Boeing is allowed to bring an Internet access network of 147 satellites into orbit. The US regulator FCC issued a corresponding approval on Wednesday. Boeing had been trying to do this since March 1, 2017. A countdown begins with the approval: Boeing must have half of its satellites up and running in six years at the latest, and all 147 in nine years.
The company is planning a two-part network: 132 satellites are to orbit the earth at an altitude of 1,056 kilometers, another 15 in orbits between 27,355 and 44,221 kilometers. The geostationary orbit also lies in the latter area. The devices will communicate with the ground station as well as with each other by radio.
In this area, Boeing did not get everything it applied for: The company wanted to be allowed to broadcast in both the V-band and the Ka-band. The license is now only valid for certain parts of the V-band. Some of the frequency rights requested by Boeing do not correspond to the global frequency usage plan of the International Telecommunication Union (ITU), which is why the FCC has refused the corresponding license.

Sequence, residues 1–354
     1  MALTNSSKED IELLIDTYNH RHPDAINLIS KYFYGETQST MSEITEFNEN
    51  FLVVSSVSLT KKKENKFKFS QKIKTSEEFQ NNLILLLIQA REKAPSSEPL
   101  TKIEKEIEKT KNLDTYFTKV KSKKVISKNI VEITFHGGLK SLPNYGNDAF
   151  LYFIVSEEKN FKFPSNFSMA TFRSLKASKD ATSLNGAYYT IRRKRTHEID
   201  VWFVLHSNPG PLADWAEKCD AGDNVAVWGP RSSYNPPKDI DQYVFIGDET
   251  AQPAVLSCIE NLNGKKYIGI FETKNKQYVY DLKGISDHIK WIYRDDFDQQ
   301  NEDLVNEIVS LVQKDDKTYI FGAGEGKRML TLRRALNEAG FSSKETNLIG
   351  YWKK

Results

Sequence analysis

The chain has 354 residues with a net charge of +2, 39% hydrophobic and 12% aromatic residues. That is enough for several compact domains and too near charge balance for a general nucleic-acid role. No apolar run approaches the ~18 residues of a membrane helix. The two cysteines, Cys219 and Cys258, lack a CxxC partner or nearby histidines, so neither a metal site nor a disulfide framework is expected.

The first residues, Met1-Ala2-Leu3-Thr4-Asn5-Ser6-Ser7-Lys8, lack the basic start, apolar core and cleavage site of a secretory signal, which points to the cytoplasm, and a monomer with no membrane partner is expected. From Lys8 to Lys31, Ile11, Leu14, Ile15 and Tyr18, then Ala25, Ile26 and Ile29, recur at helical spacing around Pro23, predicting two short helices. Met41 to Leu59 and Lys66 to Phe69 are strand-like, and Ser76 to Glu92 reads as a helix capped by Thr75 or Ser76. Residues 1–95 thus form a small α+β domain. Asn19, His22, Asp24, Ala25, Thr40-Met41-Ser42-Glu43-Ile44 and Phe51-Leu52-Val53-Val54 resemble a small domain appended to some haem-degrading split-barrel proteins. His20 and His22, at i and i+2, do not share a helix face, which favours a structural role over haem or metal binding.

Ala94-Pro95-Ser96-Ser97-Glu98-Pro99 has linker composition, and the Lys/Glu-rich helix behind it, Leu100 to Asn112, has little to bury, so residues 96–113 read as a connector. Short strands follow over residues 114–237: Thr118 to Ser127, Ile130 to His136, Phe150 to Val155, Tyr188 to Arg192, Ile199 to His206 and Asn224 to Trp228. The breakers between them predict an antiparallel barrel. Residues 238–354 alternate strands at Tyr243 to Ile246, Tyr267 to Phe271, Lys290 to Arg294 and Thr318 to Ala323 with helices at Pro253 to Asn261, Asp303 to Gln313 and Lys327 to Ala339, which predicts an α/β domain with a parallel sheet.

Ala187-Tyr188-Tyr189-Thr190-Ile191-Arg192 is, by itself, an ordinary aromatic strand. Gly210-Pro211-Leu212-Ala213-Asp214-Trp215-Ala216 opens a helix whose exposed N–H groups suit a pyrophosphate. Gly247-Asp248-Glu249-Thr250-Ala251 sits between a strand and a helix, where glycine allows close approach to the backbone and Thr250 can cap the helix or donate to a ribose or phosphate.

Orbits and Customers
At 1,056 kilometers, the planned orbits of the 132 satellites are significantly higher than those of the already active competitor Starlink (SpaceX, around 550 kilometers). This should mean longer signal runtimes for Boeing users. However, competitor OneWeb orbits its satellites a little further away (around 1,200 kilometers). While Starlink does not have any geostationary satellites, there are OneWeb customers who supplement its network with their own geostationary satellites, for example for indirect satellite internet for the indigenous people of Alaska.
Boeing’s targeted customer segment is likely to differ more clearly: While Starlink sells directly to consumers and OneWeb is aimed at wholesalers, Boeing has good relationships with the military, secret services, other government institutions and aircraft fleet operators.